By Nassos Soulakis, SnP Broker
A step back from the intense everyday transactional reality of the SnP market is necessary from time to time to analyze and capture how fundamentals are influencing the dry bulk sector.
The Handysize sector has the healthiest newbuilding (NB) tonnage supply levels among dry bulkers; their newbuilding orderbook (OB) to fleet ratio is small (5.2%) compared to 20-plus year-old vessels which constitute approximately 15% of the existing fleet. The Handy OB is even below the 25-plus year-old vessels to fleet fraction; this further strengthens our low tonnage supply hypothesis for the sector. Despite the high probability of exceeding subdued 2018 and 2019 figures, the overall Handy fleet’s supply equilibrium is not drastically depleted by the current year-to-date demolition percentage of just 0.71%. Currently, the average Handy vessel demo candidate is built in Japan or China (with equal likelihood) and has a lower than 30K dwt carrying capacity. Approximately 80% of the current Handy orderbook is comprised of vessels with capacities of [37-45]K dwt built in Japan and China on a 70:30 basis. The above-mentioned phenomena have established a 1:3 small to large Handy ratio which is projected to widen significantly.
Supramax/Ultramax vessels portray similar overall trends and are governed by a low NB tonnage supply (4.5%) coupled with a high number of vessels aged greater than 20 years of age (12%). Scrapping activity is analogous to that of Handysize vessels; demo levels are low compared to historic benchmarks. The average Supra/Handymax (Sx/Hx) demo candidate is a Japanese (in its majority) built Handymax which ranges in size from [42-48] K dwt. The Sx/Hx population is still double the Ultramax one. This gap is projected to decrease at an increasing rate with more Ultramax orders being recorded. Currently, 47%, 20% and 33% of orders are from Japanese, Japanese-affiliated and Chinese yards respectively. Ultramax orders are 6-fold the respective Supramax order figure.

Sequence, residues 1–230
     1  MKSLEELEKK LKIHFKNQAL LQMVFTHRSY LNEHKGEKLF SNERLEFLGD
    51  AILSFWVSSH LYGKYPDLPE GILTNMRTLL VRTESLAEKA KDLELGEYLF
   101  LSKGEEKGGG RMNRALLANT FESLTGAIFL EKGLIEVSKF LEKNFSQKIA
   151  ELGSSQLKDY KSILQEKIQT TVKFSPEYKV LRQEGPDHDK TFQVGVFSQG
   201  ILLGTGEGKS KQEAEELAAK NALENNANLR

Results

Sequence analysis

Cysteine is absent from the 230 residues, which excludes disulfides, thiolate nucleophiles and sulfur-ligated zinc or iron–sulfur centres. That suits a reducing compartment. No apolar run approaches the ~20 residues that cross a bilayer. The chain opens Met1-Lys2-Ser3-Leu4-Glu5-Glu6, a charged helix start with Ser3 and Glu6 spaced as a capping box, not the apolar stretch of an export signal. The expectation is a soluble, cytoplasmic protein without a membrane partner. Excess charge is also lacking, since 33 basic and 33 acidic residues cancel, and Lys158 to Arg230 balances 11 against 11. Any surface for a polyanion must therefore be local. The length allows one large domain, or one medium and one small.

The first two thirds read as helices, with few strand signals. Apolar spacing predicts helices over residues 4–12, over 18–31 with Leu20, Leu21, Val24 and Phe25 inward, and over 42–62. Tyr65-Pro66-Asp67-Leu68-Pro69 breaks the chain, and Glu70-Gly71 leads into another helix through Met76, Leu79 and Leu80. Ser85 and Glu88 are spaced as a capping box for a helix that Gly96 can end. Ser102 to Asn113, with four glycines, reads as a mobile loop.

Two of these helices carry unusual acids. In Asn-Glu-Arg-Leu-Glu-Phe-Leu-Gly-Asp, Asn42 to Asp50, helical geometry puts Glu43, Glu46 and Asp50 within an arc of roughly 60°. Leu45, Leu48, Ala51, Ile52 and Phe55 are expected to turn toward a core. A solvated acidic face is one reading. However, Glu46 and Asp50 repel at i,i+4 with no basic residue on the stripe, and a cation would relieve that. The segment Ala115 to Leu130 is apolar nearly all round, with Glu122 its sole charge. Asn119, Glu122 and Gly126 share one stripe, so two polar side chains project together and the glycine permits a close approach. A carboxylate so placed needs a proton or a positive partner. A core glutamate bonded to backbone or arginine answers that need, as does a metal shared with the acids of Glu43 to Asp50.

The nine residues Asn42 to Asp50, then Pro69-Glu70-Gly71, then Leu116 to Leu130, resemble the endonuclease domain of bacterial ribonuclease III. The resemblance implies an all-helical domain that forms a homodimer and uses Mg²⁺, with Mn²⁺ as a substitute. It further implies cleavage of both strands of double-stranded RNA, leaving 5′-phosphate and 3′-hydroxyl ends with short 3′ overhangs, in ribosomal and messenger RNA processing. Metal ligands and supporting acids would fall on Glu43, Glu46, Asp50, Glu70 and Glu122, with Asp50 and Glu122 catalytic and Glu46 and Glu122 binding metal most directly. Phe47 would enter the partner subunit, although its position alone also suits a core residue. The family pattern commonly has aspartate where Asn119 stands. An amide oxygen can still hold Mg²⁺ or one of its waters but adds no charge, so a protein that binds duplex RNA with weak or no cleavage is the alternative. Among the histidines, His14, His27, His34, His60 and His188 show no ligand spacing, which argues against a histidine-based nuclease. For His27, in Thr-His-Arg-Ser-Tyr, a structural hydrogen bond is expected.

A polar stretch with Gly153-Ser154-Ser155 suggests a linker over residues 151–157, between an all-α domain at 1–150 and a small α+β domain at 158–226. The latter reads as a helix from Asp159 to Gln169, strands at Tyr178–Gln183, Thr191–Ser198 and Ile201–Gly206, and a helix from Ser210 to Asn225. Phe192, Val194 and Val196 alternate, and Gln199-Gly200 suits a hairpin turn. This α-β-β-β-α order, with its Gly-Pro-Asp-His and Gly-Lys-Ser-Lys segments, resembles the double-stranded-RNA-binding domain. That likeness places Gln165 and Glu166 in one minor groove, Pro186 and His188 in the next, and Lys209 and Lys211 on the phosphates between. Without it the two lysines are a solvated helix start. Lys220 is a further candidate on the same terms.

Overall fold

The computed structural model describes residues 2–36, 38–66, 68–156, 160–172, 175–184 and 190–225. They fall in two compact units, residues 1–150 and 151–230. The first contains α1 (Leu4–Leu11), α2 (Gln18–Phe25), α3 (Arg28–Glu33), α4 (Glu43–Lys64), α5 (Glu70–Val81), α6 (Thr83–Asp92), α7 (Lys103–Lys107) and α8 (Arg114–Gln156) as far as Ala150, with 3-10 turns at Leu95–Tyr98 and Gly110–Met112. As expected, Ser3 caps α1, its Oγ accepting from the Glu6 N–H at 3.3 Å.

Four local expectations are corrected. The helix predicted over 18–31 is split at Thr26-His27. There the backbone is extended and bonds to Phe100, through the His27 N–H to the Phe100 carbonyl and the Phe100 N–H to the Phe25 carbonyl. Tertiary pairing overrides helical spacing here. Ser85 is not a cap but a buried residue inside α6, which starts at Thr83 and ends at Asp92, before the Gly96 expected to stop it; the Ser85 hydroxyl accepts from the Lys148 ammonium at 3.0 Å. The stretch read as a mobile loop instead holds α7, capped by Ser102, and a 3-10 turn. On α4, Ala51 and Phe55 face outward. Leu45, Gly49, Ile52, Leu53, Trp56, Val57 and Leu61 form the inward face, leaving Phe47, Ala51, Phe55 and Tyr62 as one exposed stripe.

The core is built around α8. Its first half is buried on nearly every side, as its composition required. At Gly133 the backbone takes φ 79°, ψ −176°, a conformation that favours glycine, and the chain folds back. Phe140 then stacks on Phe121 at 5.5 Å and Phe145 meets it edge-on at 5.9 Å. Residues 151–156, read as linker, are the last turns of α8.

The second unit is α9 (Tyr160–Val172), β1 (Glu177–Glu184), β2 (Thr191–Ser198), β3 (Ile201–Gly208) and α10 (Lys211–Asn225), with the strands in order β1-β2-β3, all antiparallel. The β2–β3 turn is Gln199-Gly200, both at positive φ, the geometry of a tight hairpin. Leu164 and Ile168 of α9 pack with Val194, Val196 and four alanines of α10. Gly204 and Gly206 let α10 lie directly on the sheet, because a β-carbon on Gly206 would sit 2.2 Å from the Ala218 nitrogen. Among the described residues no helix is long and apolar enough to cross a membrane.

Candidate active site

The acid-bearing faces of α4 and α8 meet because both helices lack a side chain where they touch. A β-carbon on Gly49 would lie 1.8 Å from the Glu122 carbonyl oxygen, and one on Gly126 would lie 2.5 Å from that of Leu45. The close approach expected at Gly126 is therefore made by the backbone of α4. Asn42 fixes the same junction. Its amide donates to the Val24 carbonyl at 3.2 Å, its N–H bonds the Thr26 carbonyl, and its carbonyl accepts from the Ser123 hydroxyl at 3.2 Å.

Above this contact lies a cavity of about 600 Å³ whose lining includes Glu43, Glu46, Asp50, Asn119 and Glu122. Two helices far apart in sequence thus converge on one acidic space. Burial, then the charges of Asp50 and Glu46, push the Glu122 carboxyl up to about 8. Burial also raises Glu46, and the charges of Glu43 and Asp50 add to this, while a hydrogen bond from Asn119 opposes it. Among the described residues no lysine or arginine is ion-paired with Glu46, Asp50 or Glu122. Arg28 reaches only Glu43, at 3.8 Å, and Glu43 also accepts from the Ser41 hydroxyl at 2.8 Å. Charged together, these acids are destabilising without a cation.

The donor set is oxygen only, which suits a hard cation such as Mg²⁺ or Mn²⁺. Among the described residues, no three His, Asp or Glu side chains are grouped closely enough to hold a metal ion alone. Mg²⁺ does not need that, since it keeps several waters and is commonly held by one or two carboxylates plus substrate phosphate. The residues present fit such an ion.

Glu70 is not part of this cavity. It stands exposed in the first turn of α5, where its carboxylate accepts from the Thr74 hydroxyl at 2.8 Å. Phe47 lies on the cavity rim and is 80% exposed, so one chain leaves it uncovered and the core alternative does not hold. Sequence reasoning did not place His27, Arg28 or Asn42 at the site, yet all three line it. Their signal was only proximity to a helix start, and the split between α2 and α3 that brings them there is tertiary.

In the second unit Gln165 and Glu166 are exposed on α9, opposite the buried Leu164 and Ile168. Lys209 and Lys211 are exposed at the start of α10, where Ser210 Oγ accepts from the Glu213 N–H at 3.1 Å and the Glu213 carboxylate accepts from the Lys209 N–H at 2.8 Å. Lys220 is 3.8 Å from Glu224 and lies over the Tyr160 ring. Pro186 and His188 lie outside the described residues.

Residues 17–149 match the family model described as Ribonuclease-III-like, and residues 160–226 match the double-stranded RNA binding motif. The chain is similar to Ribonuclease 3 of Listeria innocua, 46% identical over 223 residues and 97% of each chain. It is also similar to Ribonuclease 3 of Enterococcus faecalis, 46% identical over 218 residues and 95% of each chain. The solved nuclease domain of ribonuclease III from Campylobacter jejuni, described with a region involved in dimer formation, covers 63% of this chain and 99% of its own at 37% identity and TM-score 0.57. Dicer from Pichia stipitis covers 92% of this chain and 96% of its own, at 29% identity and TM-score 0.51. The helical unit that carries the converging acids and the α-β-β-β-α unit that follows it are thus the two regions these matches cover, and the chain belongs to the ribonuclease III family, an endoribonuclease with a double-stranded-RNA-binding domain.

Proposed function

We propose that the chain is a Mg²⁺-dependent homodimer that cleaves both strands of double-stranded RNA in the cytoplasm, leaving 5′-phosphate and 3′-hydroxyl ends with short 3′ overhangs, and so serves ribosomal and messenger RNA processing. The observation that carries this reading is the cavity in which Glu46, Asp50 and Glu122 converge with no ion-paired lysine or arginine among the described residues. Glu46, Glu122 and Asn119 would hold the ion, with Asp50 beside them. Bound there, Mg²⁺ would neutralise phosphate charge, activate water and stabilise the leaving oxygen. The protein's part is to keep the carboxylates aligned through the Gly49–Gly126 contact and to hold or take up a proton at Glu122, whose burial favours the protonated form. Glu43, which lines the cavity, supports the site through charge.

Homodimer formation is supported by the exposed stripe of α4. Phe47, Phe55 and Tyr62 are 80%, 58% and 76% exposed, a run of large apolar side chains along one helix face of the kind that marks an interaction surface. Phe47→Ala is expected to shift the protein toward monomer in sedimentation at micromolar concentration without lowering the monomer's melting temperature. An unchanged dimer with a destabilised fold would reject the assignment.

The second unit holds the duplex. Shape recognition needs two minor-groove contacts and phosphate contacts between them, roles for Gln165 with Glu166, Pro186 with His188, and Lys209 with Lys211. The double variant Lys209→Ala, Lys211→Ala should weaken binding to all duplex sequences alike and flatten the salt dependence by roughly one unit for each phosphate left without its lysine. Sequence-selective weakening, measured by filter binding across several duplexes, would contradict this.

Panamax/Kamsarmax (Px/Kx) orderbook to existing fleet ratio is 0.52 which is less than half the recent 5-year historic average (1.11). Despite the overall positive Px/Kx outlook, the sector has a higher NB supply relative to plus-20-year-old Handy and Supra/Ultra to fleet ratios (0.35). Scrapping activity is scarce with only a handful of Panamax demolitions recorded. The number of Kx vessels is projected to exceed that of Px ships in the next 1-2 years for the first time; approximately 20 Kx orders are placed for every Px order.
Capesize (Cs) figures seem the least appealing of all sectors; the 8.4% OB to fleet is significantly higher than in smaller sizes. However, the current Cs OB is at a 5-year low and almost one-third less than the historic 5-year average (12.2%). Scrapping activity is already at 2019 and 2017 levels and double 2018 levels. Yearly Cs scrapping activity (always greater than 1%) has consistently consumed a sizeable portion of the low plus-20 and 25-year-old vessel portions of the Cs fleet.
In conclusion, the aggressive transition towards larger vessels is imminent among all dry bulk sectors. This trajectory is even more profound when analyzing the dry bulk sector’s dynamic dwt distribution shift. Should no further unforeseen circumstances commence, NB and demo rates are projected to remain relatively steady in the years ahead. The current status quo has established a fruitful groundwork upon which a profitable future in the SnP realm may very well be realized.